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Monday - April 29, 2013

From: Parker, CO
Region: Rocky Mountain
Topic: Pruning, Trees
Title: Rocky Mountain Juniper Grazed by Deer
Answered by: Anne Van Nest

QUESTION:

I have four Colorado red cedar (Juniperus scopulorum). The deer have eaten from their height down. Now these narrow top to bottom evergreens have only tops left. Will the bottom fill in if I protect them from the deer, or am I stuck with top only evergreens?

ANSWER:

As Juniperus scopulorum (Rocky mountain juniper or Colorado red cedar) ages it is naturally a somewhat pyramidal, rounded tree when grown in an open space. It is a long-lived evergreen that could reach 30 feet in height. So seeing them with their bottom trunk bare can be quite a sight. Unfortunately though, junipers do not tend to sprout new foliage from dormant buds lower on the stem if they are pruned back hard or grazed heavily by deer.  It is worth trying some mild rejuvenation pruning to allow more sunlight to reach the lower trunk area to see if new growth will appear.  Try to lightly shear the upper growth to follow the natural pyramidal shape and then wait and see what happens. The early spring is the best time of year to do this. It is best to try this in small increments over several years so you can judge how the junipers are reacting to each pruning.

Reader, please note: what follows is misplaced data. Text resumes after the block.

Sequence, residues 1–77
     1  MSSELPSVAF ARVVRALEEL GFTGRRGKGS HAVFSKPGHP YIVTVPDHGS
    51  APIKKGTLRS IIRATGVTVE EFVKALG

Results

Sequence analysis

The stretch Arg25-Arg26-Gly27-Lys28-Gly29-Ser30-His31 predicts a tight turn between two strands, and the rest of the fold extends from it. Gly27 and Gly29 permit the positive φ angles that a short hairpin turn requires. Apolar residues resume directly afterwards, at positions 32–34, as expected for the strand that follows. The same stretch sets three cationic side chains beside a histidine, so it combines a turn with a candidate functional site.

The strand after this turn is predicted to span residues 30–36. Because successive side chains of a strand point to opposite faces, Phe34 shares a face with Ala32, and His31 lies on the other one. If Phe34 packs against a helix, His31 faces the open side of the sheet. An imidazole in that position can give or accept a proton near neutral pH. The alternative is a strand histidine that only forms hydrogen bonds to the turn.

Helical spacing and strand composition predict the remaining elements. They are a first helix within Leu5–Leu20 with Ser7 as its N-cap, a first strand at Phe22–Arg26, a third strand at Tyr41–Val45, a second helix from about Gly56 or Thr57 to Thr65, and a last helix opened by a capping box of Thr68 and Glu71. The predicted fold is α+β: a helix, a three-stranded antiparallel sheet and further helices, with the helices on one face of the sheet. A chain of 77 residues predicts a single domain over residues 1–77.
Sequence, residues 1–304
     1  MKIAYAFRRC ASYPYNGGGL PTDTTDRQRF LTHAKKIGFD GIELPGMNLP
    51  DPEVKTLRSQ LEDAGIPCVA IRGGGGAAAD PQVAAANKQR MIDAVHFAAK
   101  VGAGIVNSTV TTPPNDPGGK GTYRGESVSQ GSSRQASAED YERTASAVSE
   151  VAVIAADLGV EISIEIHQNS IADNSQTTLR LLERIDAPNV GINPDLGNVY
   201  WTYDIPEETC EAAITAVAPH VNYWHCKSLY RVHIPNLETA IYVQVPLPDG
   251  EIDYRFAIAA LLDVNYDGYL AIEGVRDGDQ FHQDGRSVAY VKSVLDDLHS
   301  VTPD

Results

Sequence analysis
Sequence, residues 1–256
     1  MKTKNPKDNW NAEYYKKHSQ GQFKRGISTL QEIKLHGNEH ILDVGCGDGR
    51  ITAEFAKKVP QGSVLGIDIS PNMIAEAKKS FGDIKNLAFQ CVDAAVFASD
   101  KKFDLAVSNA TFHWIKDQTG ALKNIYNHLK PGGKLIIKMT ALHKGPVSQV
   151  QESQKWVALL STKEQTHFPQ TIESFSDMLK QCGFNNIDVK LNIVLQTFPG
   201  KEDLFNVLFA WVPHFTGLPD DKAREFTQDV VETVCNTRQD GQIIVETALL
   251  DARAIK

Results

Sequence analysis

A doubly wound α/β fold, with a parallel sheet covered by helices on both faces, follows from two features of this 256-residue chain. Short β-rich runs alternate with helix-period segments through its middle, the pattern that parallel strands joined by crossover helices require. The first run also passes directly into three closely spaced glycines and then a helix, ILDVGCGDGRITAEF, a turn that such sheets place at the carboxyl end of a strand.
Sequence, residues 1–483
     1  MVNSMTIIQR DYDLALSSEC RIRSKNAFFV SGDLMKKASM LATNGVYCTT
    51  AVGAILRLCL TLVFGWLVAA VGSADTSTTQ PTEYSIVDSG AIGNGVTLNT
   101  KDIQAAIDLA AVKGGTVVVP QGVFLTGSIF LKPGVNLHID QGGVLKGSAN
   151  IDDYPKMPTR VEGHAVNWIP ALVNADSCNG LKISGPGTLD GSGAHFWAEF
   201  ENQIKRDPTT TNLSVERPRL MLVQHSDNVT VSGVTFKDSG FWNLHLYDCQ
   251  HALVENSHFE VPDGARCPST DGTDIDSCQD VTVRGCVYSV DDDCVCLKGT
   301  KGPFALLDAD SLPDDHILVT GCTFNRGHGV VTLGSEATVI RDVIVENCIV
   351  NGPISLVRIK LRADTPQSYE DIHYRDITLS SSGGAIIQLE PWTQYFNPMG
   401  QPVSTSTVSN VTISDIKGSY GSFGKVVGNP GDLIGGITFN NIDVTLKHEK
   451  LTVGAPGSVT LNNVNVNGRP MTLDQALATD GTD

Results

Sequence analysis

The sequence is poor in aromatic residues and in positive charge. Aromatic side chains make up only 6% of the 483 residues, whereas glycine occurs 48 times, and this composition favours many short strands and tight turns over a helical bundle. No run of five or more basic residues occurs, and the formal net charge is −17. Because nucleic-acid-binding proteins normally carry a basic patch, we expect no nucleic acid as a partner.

Here is a previous Mr. Smarty Plants response about an over-trimmed juniper question.  So caution is advised. Only lightly shear to reduce the width of the upper part of the juniper. By building a fence around the lower browsed section of the trees and lightly shearing the upper part to let in more sunlight to the bare section below, perhaps some new growth will start to fill in the lower area. If this isn’t successful, you still have the option of planting a deer-proof plant at the base of the juniper to hide the bare trunk. A list of deer resistant species can be found on our website.

The USDA Forest Service has the following interesting information on their webpage for Rocky mountain juniper. Big sagebrush (Artemisia tridentata), bitterbrush (Purshia spp.), and Rocky Mountain juniper combined have been reported to make up 66% of winter mule deer browse and Rocky Mountain juniper is considered a major component of wintering mule deer diet in the Bridger Mountains of Montana. Mule deer browse the foliage moderately in winter, spring, and fall, and lightly in the summer. High levels of volatile oils in Rocky Mountain juniper may cause mule deer to select against the foliage in favor of other browse when available. Other animals that use Rocky Mountain juniper berries, foliage, or stems for forage include white-tailed deer, black-tailed deer, Rocky Mountain goats, ring-necked pheasant, grouse, and cattle. The website also indicates that the palatability of Rocky mountain juniper in Colorado is poor for elk and mule deer.

 

From the Image Gallery


Rocky mountain juniper
Juniperus scopulorum

Rocky mountain juniper
Juniperus scopulorum

Rocky mountain juniper
Juniperus scopulorum

Rocky mountain juniper
Juniperus scopulorum

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